What causes it
Nose bleeds are usually caused by dryness of the nasal lining plus the normal rubbing and picking that all children do when the nose becomes blocked or itchy.
About the condition
Nose bleeds (epistaxis) are very common throughout childhood.
Vigorous nose blowing can also cause bleeding.
All of these behaviours are increased in children with nasal allergies.
When should I call?
Call our Children's Emergency 6772 2555 (24 hours) immediately if the bleeding does not stop after 20 minutes of direct pressure.
What can I do for my child at home?
- Lean forward and spit out any blood
Have your child sit up and lean forward so he does not swallow the blood. Have a basin available so he can spit out any blood that drips into his throat. Blow his nose free of any large clots that might interfere with applying pressure.
- Squeeze the soft part of the nose
Tightly pinch the upper portion of the soft part of the nose against the center wall for 10 minutes. Don't release the pressure until the 10 minutes are up. If the bleeding continues, you may not be pressing on the right spot. During this time, your child will have to breathe through his mouth.
- If bleeding continues, use vasoconstrictor nose drops and squeeze again
If the nosebleed hasn't stopped, insert a piece of gauze covered with vasoconstrictor nose drops (e.g. Neo-Synephrine) or petroleum jelly into the nostril. Squeeze again for 10 minutes. Leave the gauze in for another 10 minutes before removing it. If bleeding persists, call our Children's Emergency but continue the pressure in the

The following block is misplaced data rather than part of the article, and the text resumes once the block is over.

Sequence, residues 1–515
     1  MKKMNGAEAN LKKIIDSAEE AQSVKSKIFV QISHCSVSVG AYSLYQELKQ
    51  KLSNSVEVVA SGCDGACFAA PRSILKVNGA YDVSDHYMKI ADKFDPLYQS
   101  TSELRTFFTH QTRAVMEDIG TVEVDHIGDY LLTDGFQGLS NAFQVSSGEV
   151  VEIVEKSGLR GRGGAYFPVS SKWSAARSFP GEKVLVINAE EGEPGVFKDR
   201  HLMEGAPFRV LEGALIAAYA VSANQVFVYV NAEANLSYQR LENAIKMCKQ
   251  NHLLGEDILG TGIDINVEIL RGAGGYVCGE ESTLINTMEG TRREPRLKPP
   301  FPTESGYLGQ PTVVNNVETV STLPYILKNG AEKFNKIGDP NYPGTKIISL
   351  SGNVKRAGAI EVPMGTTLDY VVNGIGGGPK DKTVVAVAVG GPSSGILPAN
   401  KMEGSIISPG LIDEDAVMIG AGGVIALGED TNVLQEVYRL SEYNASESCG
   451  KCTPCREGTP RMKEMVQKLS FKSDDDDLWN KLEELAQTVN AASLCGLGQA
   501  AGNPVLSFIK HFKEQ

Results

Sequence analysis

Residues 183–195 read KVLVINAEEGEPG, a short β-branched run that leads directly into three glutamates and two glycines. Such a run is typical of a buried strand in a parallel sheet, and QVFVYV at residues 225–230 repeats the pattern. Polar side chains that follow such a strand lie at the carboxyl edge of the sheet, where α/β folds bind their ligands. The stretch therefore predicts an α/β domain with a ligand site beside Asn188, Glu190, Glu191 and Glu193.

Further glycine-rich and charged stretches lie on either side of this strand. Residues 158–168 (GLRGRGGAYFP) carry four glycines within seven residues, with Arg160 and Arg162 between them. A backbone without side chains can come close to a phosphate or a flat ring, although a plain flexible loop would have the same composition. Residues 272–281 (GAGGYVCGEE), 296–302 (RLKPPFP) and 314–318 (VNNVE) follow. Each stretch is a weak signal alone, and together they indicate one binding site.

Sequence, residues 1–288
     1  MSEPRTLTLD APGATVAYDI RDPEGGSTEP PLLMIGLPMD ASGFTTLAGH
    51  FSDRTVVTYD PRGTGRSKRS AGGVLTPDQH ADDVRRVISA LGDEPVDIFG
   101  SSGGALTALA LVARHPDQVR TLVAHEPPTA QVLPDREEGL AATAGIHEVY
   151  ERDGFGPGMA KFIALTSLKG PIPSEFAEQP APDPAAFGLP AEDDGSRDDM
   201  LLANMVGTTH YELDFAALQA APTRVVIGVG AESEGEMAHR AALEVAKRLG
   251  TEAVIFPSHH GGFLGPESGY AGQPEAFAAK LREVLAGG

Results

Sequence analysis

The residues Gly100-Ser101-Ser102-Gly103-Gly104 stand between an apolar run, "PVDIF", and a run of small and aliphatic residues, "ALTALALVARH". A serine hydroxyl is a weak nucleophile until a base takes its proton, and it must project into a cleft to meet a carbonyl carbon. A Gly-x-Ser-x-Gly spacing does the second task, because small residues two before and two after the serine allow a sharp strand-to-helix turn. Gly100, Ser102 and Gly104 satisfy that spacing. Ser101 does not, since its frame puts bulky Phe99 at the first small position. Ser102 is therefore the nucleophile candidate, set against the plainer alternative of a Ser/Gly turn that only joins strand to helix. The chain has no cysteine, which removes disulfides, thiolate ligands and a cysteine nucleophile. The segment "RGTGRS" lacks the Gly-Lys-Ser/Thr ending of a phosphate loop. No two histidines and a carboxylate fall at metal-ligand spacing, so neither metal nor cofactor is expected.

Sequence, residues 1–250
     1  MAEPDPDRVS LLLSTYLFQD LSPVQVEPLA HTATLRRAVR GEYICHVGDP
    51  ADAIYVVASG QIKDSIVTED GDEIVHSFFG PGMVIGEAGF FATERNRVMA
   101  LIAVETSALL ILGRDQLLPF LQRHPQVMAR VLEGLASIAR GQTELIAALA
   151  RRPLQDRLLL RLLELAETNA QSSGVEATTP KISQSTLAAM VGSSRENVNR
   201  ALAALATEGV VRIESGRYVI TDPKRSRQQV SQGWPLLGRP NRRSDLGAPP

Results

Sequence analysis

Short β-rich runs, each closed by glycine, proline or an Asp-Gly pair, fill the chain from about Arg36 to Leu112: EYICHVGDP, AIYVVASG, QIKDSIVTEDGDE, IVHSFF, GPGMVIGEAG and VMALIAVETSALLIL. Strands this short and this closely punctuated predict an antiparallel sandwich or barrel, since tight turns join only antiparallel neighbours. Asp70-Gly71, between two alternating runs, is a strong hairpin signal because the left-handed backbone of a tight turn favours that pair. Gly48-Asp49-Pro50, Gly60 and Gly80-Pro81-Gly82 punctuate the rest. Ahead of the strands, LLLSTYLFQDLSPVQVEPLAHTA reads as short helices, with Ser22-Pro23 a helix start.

meantime.Swallowed blood is irritating to the stomach. Don't be surprised if it is vomited up.
What not to do?
- Applying a cold washcloth to the forehead, back of the neck, bridge of the nose, or under the upper lip does not help to stop a nose bleed.
- Pressing on the bony part of the nose does not stop a nose bleed.
- Avoid packing the nose with anything, because when the packing is removed, bleeding usually recurs.
How to prevent?
- A small amount of petroleum jelly applied twice each day to the center wall (septum) inside the nose is often helpful for relieving dryness and irritation.
- Increasing the humidity in the room at night by using a humidifier may also be helpful.
- Get your child into the habit of putting 2 or 3 drops of warm water in each nostril before blowing a stuffy nose.
- Avoid aspirin. Aspirin can increase the tendency of the body to bleed easily for up to a week and can make nose bleeds last much longer.
- If your child has nasal allergies, treating them with antihistamines will help break the itching-bleeding cycle.